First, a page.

Can You Crowdfund Journalism?

Under increasing financial pressure from the Web and the decline of print advertising, newspapers and other traditional media outlets have been laying off staff and trying to fill the gap with services such as Journatic—the hyper-local aggregator that uses offshore workers— or simply doing without such things as copy editing. Are there further solutions to that reporting gap? Crowdsourcing journalism through sites like Reddit could be one, but crowdfunding could be another: One journalist in Michigan has raised funding through a Kickstarter campaign so he can travel around the U.S. interviewing people about the upcoming election. Could crowdfunding allow other journalists to do investigative or in-depth projects as well?

From here.

I have, no joke, been thinking about this on and off pretty much since I first discovered Kickstarter, as much from a selfish point-of-view as the high-minded theoretical sense. I have done internal math in my head about how much it would take for me to be an independent comics journalist for a year, writing for myself and my own site – whatever that site might be – and whether or not I thought I could raise enough money to do it, leaving the writing gigs for Newsarama, Comics Alliance and Robot 6 (and SpinoffOnline, which isn’t a comic site but does take enough of my time each month that I’d need to drop it if I was to do this properly) without just crippling myself financially in the process. For me, I don’t think the money’s there; I’m not enough of a name, without enough of a readerbase with the kind of disposable income to fund what I’d really need for that period of time, especially because they get enough of me for free online as is (Whether or not my online ubiquity has damaged my “brand” is something else I think about, a lot; that’s something for another day, though). But in the wider, theoretical sense…? I think crowdfunding is definitely a future for journalism, if not the future.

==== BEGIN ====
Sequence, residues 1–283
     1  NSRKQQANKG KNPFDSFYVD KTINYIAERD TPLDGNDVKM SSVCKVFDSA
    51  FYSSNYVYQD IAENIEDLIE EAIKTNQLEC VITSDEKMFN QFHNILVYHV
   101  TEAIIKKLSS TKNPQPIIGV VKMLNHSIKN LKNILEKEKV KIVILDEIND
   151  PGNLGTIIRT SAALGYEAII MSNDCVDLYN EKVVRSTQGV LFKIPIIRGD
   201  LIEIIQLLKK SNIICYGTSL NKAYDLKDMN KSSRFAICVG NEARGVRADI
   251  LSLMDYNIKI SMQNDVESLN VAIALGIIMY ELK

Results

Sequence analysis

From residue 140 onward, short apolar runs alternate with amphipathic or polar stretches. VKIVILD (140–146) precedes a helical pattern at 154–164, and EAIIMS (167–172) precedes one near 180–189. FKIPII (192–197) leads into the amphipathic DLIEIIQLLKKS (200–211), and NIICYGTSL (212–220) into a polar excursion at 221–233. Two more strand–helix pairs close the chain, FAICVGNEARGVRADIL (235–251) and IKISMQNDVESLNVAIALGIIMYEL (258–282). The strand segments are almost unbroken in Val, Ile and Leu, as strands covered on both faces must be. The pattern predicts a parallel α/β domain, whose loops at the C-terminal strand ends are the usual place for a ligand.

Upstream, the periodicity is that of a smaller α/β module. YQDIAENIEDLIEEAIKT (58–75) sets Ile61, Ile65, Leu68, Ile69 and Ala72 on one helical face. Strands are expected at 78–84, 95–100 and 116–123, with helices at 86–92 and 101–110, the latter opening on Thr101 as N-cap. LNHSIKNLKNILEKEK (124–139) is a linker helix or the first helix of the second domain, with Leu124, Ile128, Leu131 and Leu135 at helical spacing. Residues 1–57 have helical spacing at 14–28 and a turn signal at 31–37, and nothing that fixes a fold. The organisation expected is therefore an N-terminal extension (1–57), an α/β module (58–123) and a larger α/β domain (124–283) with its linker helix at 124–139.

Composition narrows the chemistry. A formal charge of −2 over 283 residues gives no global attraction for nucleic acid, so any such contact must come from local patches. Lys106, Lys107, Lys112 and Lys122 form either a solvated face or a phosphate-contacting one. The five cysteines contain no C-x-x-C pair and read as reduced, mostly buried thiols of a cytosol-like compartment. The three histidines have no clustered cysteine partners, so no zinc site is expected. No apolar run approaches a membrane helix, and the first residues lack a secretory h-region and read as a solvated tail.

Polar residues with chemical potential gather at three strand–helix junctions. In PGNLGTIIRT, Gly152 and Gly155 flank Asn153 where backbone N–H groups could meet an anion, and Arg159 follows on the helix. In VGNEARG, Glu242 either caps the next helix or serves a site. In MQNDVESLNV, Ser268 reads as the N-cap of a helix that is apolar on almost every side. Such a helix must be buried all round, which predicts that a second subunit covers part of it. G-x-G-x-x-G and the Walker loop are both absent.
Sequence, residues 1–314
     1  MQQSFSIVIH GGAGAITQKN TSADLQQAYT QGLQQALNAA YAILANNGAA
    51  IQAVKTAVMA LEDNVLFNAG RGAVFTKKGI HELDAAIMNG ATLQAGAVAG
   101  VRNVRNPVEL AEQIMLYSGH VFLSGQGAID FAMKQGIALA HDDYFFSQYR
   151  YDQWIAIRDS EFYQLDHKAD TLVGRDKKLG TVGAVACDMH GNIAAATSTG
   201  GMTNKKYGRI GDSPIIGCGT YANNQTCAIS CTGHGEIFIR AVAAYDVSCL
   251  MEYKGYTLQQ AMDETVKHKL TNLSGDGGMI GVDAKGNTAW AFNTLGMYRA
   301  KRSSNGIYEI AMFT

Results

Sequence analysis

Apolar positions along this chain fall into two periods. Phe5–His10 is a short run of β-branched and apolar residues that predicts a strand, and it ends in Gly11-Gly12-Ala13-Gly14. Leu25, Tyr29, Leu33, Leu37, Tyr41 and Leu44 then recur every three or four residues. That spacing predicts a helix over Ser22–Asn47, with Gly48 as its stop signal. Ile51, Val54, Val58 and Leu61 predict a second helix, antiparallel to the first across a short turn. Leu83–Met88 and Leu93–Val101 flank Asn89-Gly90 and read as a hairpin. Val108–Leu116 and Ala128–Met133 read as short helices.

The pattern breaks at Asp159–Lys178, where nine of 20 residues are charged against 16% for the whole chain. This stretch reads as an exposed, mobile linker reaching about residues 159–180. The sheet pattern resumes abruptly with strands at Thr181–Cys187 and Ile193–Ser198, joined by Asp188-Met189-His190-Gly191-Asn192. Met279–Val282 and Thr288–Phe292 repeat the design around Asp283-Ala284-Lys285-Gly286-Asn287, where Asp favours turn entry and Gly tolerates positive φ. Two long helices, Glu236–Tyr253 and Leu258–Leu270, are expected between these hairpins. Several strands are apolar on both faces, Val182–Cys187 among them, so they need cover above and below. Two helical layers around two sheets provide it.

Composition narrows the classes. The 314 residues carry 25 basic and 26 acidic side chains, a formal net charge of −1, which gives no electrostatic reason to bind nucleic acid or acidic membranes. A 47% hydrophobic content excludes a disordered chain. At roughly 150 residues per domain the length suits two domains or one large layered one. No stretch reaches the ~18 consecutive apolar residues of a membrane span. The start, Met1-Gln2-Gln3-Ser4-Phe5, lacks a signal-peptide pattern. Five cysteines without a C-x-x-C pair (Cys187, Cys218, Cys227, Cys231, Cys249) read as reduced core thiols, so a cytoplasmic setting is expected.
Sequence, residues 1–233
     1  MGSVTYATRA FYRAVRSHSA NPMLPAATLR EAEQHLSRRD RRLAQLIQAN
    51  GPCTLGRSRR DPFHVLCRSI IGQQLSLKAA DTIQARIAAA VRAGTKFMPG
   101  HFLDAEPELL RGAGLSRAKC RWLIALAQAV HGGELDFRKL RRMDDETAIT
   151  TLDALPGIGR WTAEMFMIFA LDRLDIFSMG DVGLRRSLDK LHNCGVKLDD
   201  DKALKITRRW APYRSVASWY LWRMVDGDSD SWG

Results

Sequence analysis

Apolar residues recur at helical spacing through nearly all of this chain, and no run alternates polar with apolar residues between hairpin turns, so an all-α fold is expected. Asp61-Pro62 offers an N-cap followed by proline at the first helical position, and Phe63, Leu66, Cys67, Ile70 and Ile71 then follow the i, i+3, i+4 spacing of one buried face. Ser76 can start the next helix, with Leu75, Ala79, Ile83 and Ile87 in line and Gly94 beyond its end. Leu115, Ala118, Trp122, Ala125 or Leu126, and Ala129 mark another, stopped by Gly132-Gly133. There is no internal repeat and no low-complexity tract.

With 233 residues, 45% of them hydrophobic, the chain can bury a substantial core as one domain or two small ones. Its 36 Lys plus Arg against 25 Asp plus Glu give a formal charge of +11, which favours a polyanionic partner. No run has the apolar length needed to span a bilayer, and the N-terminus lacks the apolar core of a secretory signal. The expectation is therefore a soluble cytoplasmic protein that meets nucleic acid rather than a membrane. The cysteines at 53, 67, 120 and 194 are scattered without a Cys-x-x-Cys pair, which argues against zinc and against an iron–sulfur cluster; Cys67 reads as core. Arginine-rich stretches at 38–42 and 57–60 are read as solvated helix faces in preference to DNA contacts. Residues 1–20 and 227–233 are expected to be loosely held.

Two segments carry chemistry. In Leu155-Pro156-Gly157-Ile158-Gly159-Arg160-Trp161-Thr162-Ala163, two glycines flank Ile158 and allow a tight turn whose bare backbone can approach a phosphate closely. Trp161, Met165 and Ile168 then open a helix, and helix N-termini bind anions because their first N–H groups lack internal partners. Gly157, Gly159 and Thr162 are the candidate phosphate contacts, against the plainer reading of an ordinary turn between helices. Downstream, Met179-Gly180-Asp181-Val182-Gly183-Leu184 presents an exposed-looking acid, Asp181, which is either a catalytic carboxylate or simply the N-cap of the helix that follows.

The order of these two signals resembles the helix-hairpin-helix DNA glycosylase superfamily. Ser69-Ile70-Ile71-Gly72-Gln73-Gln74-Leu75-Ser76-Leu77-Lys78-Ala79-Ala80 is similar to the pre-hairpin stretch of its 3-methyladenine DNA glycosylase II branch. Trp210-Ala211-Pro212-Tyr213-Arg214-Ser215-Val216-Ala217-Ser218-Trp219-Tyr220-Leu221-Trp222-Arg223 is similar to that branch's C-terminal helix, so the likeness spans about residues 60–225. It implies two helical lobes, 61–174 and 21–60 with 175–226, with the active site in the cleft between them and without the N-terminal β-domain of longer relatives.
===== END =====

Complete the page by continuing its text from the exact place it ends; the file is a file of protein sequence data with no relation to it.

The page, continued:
We’re moving away from crowdfunding being some kind of novelty and spectacle to just a fact of the modern Internet, and as soon as that happens, then we’re likely to see crowdfunding for all manner of projects, both creative and otherwise. Whatever you can manage to sell to the Internet at large, in fact.